American Exceptionalism Requires Informed Engagement and Participation from Citizens

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Are Kootenai voters apathetic and complacent?

Guest Opinion

By John Spencer of Hayden, Idaho

Throughout American history, the notion of American exceptionalism has been reinforced by key events and developments that have shaped the nation’s identity. From the westward expansion and the pioneering spirit of the frontier to the industrial revolution and the rise of American economic power, the United States has often been viewed as a land of opportunity and innovation.

The Founding Fathers, in drafting the Declaration of Independence and the Constitution, articulated a vision of a new nation founded on the principles of liberty, democracy, and individual rights. Their belief in the inherent dignity and equality of all people, as well as their commitment to limited government and the rule of law, set the United States apart from other nations of the time.

Moreover, the Founding Fathers believed that the American experiment in self-government represented a radical departure from the monarchies and authoritarian regimes that dominated the world stage. They saw America as a beacon of hope and a shining example of what a free and democratic society could achieve.

So where are we today? We have a government that appears, at times, not to represent the will of the people. We have societal and cultural forces working to dismantle the very essence of who we were as a nation. We have an educational system working diligently to undo the notion of exceptional successes in our young adults through ‘collectivism’ concepts. We have corporations that would prefer to hire based on DEI rather than excellence and proficiency. And these are just a few of the many forces working against our founding principles.

The dangers of complacency are real and must not be underestimated.

As the challenges we face become increasingly complex, we must guard against the temptation to become complacent, both nationally and locally.

Take, for instance, the turnout in Kootenai County’s last November election, where only 31 percent of eligible voters participated. Hardly an exceptional display, and certainly not a model to inspire future generations. The question is, “Why”?

I believe that the Kootenai voter turnout, or lack thereof, is just one example of laziness and a mindset that reeks of complacency. If one will not go to the ‘trouble’ to vote, then one will probably not take the time to investigate who is running for a seat on the local school board or a new commissioner.

Are we that distracted? Do we feel that powerless?

If we have been ensuing the various news outlets and information feeds, we should be aware that much of governmental leadership is untrustworthy and unethical, from the highest office in our land, to the numerous agencies. Have you been paying attention?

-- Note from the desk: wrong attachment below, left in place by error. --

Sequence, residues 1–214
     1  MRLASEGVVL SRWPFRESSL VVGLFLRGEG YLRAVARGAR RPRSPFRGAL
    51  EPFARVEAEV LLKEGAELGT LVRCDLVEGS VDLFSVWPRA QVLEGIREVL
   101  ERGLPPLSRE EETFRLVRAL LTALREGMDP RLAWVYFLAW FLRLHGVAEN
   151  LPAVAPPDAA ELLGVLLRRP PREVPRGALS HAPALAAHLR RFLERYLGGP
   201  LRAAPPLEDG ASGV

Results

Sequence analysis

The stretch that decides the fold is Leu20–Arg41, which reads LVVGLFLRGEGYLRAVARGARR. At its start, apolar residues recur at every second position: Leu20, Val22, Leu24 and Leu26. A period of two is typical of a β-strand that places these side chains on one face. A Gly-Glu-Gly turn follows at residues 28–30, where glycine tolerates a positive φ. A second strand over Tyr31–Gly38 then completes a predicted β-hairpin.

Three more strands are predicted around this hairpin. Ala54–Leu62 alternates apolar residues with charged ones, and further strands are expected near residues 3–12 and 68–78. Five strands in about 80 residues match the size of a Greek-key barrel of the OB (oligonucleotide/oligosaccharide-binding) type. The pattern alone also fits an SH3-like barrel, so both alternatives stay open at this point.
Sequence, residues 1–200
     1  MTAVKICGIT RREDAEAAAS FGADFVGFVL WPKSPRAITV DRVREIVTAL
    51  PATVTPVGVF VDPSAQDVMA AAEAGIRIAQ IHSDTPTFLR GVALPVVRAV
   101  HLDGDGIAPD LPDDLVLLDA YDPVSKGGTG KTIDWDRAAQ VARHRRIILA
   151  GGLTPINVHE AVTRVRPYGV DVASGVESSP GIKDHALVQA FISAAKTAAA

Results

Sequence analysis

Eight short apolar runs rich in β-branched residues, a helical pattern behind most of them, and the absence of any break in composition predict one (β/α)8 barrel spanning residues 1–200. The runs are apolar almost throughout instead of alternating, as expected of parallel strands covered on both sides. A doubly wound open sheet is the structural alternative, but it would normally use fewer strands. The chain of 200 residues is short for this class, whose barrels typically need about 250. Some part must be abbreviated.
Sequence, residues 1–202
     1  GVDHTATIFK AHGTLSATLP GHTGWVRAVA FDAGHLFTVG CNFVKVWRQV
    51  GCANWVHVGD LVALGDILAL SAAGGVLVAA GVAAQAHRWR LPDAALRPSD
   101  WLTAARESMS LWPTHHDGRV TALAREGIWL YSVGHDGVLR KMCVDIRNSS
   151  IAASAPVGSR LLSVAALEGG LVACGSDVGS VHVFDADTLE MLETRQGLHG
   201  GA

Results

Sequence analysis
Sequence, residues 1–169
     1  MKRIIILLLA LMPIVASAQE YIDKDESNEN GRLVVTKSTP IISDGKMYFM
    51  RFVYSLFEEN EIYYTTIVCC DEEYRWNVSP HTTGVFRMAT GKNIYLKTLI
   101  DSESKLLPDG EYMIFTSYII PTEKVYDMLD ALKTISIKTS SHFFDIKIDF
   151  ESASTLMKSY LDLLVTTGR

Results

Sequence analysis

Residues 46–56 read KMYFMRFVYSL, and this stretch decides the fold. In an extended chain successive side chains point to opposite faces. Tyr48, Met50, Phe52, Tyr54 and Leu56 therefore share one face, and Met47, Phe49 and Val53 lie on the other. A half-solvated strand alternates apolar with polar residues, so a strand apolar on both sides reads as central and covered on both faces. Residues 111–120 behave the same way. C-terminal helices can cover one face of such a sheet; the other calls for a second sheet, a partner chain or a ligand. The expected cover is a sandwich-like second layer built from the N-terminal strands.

In 1816, in a letter to Virginia legislator Charles Yancey, Thomas Jefferson wrote, “if a nation expects to be ignorant and free … it expects what never was and never will be.” That statement is as true today as it was in 1816.

We, as citizens, cannot continually profess the ‘I didn’t know’ escape clause. Much of our activities are routine and we also have many distractions. I believe that Kootenai voters need a change of habit.

I energetically believe that genuine change begins at the grassroots level, which involves actively participating and staying informed. Instead of spending excessive time on smartphones or the internet, we should prioritize engaging with our fellow citizens.

Attending local municipal meetings, whether they pertain to city affairs, fire district matters, or community boards, is a crucial step in this process. It is imperative that we break free from our individual comfort zones, lest we risk succumbing to the collective apathy depicted in dystopian narratives like George Orwell’s 1984.

Today, we are challenged by a minority culture which professes that “wrong is now right and evil is now good.” There are numerous elements in our society that are executing the subversive tactics from the playbook Rules for Radicals, and they are winning.

There appears to be a continual attempt to dismantle all the principles that made our country a beacon of hope.

The challenges we have, whether in Washington DC, Boise, or Kootenai County, are numerous and so pervasive that we can envision our country teetering on the precipice of a decline in which we may not recover.

The good news is that throughout our storied history, our nation has weathered numerous trials and tribulations. From economic downturns to social upheavals and political crises, we have faced adversity head-on and emerged stronger than before.

Surviving these challenges requires active engagement from us. Let us not be discouraged and become complacent in our civic duties. Engage, participate, act, and vote.

In the year 2023, our nation welcomed 878,500 new naturalized citizens, legal immigrants from diverse corners of the globe. They embraced the unifying principles of America and accepted the responsibility that comes with US citizenship, including the duty to participate in elections.

Let us heed their example and desire and rekindle the flame of active citizenship, ensuring that the spirit of American exceptionalism burns bright for generations to come.

John Spencer is a former US Army Officer and Aviator with 26 years of service. He is a published author who currently sits on two Hayden commissions, volunteers at the Farragut shooting range as a Range Safety Officer, and enjoys the beauty of North Idaho with Marti, his wife of 30 years.